Games Research Network

Researching analogue and digital games

Author: games_research_network (page 1 of 7)

Desk Job

Members from the Games Research Network recently collaborated to create a game for the No Shit Sherlock Games Jam.

After an initial planning session, we got together to hammer out the details of the game, and in an 8-hour session on Friday 9th March 2018, we created Desk Job.

Desk Job is a Detective Game that involves you trying to solve a cold case whilst putting up with the demands of your overbearing boss. It can be played either solo or as a group and should last the best part of an afternoon or evening. All you need is a printer and some scissors! read more


March 8th is International Women’s Day (or, as it is known in some areas of the internet, “but when is it international mens [sic] day”?) and it offers a perfect opportunity to think about how to celebrate and make visible the contribution women make to game design and development.

The theme for this year’s International Women’s Day is #PressforProgress – a call to “motivate and unite friends, colleagues and whole communities to think, act and be gender inclusive.” One hundred years after women gained the right to vote in the UK, there are – depressingly – too many areas of politics, society and economics where progress is sorely needed or, else, occurring at a sluggish pace. read more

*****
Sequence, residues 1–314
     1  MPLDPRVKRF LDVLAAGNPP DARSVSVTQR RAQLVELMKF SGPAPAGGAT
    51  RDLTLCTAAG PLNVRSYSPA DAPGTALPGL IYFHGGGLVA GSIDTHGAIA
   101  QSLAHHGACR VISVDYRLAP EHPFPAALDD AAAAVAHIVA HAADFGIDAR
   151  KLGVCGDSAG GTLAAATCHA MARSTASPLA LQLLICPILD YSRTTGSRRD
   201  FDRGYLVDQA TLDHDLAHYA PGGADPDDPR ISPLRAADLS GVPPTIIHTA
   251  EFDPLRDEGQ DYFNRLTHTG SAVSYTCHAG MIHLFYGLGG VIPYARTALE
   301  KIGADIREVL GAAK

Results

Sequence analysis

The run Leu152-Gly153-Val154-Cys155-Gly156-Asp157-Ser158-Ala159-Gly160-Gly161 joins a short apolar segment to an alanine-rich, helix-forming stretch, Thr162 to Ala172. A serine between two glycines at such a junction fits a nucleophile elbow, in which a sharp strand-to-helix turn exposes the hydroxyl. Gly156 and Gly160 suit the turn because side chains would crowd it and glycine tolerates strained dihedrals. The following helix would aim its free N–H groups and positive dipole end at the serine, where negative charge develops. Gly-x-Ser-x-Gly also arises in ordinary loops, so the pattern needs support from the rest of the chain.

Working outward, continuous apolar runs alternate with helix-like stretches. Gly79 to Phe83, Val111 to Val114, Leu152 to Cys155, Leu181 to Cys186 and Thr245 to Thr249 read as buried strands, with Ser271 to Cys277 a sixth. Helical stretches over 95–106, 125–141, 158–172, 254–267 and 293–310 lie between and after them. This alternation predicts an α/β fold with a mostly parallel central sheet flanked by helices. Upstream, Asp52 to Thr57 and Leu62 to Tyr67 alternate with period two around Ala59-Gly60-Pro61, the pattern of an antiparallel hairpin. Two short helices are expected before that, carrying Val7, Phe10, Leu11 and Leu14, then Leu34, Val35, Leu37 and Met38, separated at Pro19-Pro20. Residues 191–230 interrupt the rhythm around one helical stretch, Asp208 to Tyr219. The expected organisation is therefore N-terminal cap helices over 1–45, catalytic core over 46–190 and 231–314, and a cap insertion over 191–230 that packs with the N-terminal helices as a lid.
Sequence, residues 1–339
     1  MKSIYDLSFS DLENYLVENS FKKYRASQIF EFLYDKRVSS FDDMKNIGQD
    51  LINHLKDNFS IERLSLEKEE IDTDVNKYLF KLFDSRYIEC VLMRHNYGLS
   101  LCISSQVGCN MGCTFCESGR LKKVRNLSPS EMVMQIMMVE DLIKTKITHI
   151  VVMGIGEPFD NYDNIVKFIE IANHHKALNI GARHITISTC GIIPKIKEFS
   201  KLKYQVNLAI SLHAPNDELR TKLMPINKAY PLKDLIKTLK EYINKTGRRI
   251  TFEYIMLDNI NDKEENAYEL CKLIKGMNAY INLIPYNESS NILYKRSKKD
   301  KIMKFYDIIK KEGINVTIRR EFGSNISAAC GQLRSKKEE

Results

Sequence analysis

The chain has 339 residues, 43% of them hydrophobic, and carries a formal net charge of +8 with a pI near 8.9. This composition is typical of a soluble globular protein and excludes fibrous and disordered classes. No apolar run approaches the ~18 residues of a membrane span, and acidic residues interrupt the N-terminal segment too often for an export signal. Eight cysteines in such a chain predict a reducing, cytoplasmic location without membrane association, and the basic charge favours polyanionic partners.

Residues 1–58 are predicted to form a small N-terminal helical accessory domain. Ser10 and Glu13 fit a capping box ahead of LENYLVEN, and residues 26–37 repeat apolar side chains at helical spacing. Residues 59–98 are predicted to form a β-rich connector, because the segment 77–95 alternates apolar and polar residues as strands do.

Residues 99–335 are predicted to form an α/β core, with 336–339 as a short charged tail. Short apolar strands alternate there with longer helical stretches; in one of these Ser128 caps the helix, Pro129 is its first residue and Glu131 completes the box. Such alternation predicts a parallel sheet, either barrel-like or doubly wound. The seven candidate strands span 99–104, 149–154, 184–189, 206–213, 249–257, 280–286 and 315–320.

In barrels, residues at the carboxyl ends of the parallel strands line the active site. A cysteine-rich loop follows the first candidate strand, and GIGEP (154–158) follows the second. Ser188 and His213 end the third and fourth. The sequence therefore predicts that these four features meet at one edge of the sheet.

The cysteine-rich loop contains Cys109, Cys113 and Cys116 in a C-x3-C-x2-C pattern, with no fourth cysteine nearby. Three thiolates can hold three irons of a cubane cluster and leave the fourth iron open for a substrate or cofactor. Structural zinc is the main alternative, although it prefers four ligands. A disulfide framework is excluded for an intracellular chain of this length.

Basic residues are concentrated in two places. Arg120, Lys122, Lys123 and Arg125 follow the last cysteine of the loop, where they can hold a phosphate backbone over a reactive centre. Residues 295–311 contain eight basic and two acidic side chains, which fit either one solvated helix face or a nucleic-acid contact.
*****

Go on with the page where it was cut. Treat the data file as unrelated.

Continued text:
Science Roleplay

“Esofonia” is a roleplaying game created by Dr Sam Illingworth from Manchester Metropolitan University (UK) and Dr Mathew Stiller-Reeve from The Bjerknes Centre for Climate Research (Norway).

It has now been translated into Spanish, and is being used in the Spanish School Vicente Cañada Blanch in London to teach students about climate change. read more

Tabletop Chemistry

The GRN is delighted to report that it was successful in its application to the Royal Society of Chemistry’s Outreach Fund.

Teaming up with our friends and colleagues at Errant Science, we will be developing a set of learning materials that can be used alongside off-the-shelf tabletop games to develop dialogue around chemistry.  We’re also working alongside librarians to create a series of activities during International Games Week in order to bring games and chemistry to a wider audience. read more

EGU Games Day

The use of narrative is well known as an effective technique for communication. We are fundamentally set-up to respond to stories, and where we might not respond to simple statement of facts, we are more likely to respond to something which moves us emotionally. I see games as an extension of this, and a form of story-telling where the narrative itself is not pre-determined. This is what makes games so fun, so exciting, and so powerful. read more

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